In the previous Dacogen Phase III studies, the highest incidences of Grade 3 or Grade 4 adverse events in the Dacogen arm were neutropenia (87%), thrombocytopenia (85%), febrile neutropenia (23%), and leukopenia (22%). Bone marrow suppression was the most frequent cause of dose reduction, delay and discontinuation. Six patients had fatal events associated with their underlying disease and myelosuppression (anemia, neutropenia, and thrombocytopenia) that were considered at least possibly related to drug treatment.
In the single-arm study (N=99) when Dacogen was dosed at 20mg/m2 intravenous, infused over one hour daily for five consecutive days, the highest incidence of Grade 3 or Grade 4 adverse events were neutropenia (37%), thrombocytopenia (24%) and anemia (22%). Seventy-eight percent of patients had dose delays, the median duration of this delay was seven days and the largest percentage of delays were due to hematologic toxicities. Hematologic toxicities and infections were the most frequent causes of dose delays and discontinuation. Eight patients had fatal events due to infection and/or bleeding (seven of which occurred in the clinical setting of myelosuppression) that were considered at least possibly related to drug treatment.
Complete blood and platelet counts should be performed as needed to monitor response and toxicity, but at a minimum prior to each dosing cycle.
Clinicians should consider the need for early institution of growth factors and/or antimicrobial agents for the prevention or treatment of infections in patients with MDS.
Other commonly occurring reactions include fatigue, pyrexia, nausea, cough, petechiae, constipation, diarrhea, and hyperglycemia.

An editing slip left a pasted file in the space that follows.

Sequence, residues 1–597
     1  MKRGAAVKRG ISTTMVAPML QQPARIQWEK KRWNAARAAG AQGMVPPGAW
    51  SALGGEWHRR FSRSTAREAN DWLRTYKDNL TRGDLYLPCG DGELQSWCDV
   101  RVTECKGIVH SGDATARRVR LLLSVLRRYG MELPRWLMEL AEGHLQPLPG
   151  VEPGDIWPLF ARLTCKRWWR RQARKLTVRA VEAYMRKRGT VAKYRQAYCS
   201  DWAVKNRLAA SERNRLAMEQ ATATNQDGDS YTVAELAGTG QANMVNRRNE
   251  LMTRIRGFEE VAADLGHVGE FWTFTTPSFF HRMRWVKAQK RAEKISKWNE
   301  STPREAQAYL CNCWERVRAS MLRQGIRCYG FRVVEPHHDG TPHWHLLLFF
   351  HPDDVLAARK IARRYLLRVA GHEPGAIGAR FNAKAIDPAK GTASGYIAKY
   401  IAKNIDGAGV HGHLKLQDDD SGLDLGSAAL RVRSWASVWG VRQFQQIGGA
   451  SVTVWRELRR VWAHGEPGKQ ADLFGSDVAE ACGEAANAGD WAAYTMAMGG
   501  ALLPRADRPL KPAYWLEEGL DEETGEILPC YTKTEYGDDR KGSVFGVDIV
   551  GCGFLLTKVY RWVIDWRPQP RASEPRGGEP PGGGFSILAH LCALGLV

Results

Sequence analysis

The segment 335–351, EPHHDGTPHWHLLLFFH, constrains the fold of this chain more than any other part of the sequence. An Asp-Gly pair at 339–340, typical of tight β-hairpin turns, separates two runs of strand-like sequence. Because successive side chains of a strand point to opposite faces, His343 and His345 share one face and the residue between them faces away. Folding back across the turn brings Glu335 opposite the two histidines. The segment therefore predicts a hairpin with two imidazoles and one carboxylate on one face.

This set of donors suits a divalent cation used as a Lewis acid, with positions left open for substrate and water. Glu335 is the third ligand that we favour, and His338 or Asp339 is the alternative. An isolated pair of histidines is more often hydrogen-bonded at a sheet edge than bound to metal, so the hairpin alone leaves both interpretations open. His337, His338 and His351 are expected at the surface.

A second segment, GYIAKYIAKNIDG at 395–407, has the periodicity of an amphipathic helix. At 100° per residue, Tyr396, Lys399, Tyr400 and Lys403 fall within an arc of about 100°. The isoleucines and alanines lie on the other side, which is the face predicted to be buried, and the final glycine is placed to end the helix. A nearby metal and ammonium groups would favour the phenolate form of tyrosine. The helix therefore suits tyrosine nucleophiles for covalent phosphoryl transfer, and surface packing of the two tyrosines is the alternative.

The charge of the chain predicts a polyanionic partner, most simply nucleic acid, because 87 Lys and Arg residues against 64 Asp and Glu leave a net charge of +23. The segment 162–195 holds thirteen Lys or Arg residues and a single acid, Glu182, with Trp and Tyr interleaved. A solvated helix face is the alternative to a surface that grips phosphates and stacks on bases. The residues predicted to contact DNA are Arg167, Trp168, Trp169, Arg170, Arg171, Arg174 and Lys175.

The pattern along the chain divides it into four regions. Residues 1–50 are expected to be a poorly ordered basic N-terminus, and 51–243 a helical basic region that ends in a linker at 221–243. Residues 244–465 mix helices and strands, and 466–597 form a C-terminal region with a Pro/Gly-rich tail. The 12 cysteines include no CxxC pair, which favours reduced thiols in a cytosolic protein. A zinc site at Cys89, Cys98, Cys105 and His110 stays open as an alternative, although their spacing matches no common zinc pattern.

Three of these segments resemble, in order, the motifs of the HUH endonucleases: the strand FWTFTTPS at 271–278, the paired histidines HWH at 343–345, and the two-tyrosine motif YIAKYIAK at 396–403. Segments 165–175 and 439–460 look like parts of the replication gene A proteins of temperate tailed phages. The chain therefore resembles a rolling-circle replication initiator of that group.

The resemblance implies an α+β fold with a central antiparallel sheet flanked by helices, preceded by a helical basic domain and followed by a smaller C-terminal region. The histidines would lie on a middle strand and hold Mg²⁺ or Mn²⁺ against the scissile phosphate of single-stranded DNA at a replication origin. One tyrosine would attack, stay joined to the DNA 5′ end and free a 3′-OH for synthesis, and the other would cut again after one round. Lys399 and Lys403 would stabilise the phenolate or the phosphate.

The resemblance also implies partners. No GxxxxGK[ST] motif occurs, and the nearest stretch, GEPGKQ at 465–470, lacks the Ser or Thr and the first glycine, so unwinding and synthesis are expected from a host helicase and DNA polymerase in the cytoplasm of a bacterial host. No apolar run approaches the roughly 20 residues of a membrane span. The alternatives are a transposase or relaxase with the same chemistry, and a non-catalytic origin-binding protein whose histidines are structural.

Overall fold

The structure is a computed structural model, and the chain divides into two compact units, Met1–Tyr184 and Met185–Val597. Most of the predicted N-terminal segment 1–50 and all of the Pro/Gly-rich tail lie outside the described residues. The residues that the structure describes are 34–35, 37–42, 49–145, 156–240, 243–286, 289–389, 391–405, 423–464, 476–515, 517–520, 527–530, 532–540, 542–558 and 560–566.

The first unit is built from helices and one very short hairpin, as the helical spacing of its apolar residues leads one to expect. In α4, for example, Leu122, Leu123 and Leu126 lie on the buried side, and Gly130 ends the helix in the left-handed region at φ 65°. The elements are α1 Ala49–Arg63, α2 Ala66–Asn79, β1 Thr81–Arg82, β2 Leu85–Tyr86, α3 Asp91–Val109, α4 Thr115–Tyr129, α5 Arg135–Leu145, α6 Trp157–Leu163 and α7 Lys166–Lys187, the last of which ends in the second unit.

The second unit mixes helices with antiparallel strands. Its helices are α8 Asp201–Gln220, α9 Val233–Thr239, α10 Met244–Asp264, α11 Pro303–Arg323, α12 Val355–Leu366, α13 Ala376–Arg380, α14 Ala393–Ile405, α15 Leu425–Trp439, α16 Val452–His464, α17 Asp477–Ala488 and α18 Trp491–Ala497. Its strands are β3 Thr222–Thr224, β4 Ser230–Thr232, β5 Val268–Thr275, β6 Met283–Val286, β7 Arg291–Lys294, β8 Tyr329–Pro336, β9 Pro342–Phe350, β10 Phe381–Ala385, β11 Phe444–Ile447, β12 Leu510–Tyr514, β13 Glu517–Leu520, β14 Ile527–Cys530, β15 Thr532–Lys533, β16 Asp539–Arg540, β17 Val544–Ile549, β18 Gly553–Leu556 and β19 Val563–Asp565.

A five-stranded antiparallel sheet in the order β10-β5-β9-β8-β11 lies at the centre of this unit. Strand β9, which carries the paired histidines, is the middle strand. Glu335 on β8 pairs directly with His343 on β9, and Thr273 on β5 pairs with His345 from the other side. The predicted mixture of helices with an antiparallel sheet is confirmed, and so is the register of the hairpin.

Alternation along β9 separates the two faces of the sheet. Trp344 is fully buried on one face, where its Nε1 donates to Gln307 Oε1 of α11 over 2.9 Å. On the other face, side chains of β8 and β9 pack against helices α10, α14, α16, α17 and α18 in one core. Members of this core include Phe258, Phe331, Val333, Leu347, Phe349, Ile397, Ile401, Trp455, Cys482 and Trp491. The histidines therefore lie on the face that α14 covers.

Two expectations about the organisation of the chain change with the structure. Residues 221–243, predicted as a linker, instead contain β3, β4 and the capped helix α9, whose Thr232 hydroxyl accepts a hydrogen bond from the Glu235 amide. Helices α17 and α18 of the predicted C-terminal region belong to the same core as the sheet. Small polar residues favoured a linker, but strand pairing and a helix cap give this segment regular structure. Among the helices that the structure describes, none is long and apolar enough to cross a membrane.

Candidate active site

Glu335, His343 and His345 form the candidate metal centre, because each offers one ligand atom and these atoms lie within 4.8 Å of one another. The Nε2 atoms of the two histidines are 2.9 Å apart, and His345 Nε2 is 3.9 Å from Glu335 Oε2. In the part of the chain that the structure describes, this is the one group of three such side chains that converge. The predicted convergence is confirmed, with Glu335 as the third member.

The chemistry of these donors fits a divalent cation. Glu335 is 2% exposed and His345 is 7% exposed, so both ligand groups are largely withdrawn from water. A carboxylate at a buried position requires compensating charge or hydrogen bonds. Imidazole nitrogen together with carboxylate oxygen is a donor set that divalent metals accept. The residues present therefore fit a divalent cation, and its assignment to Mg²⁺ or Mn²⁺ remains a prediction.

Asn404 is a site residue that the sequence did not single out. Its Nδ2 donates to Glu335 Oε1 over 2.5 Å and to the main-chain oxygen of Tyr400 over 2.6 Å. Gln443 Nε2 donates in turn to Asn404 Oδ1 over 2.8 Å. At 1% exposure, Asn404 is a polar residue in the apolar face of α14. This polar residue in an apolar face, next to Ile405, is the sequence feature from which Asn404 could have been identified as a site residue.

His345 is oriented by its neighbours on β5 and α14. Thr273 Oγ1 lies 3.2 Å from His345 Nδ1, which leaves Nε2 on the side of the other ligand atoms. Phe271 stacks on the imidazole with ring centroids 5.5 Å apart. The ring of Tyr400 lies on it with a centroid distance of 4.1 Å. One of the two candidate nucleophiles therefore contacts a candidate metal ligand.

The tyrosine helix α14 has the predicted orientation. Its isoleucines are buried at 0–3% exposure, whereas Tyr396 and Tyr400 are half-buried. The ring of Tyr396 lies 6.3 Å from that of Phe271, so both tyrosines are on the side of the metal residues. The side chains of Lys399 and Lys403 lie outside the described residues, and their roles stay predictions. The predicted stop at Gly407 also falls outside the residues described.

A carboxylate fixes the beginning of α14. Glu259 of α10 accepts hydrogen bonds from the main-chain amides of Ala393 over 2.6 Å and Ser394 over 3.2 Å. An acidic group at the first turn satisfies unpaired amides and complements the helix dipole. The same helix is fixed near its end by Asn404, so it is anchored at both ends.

Dacogen treatment cycles should be delayed until there is a hematological recovery. If the following non-hematologic toxicities are present, Dacogen treatment should not be restarted until the toxicity is resolved 1) serum creatinine greater than or equal to 2 mg/dL; 2) SGPT, total bilirubin greater than or equal to 2 X ULN; and 3) active or uncontrolled infection.
There are no data on the use of Dacogen in patients with renal or hepatic dysfunction; therefore, Dacogen should be used with caution in these patients.
Please visit www.eisai.com for full prescribing information.
About Eisai Inc.
Eisai Inc. was established in 1995 and is ranked among the top-20 U.S. pharmaceutical companies (based on retail sales). The company began marketing its first product in the United States in 1997 and has rapidly grown to become a fully integrated pharmaceutical business with fiscal year 2008 (year ended March 31, 2009) sales of approximately $3.7 billion. Eisai Inc.'s areas of commercial focus include neurology, gastrointestinal disorders and oncology/critical care. The company serves as the U.S. pharmaceutical operation of Eisai Co., Ltd., a research-based human health care (hhc) company that discovers, develops and markets products throughout the world.
Eisai has a global product creation organization that includes U.S.-based R&D facilities in Maryland, Massachusetts, New Jersey, North Carolina and Pennsylvania as well as manufacturing facilities in Maryland and North Carolina. The company's areas of R&D focus include neuroscience; oncology; vascular, inflammatory and immunological reaction; and antibody-based programs. For more information about Eisai, please visit www.eisai.com.
ADDITIONAL SUGGESTED QUOTE
"We are very pleased that the FDA has granted approval of the alternate five-day dosing regimen for Dacogen (decitabine) for Injection," said Kathy Heptinstall, operating director, The MDS Foundation, Inc. "This increases dosing options and provides alternatives for our MDS patients, particularly those who are being treated in the outpatient setting."
For media inquiries, contact Kathy Heptinstall, operating director, The MDS Foundation, Inc. at 1-800-MDS-0839, outside the U.S. only (609) 298-6746; fax (609) 298-0590.
SOURCE Eisai Inc.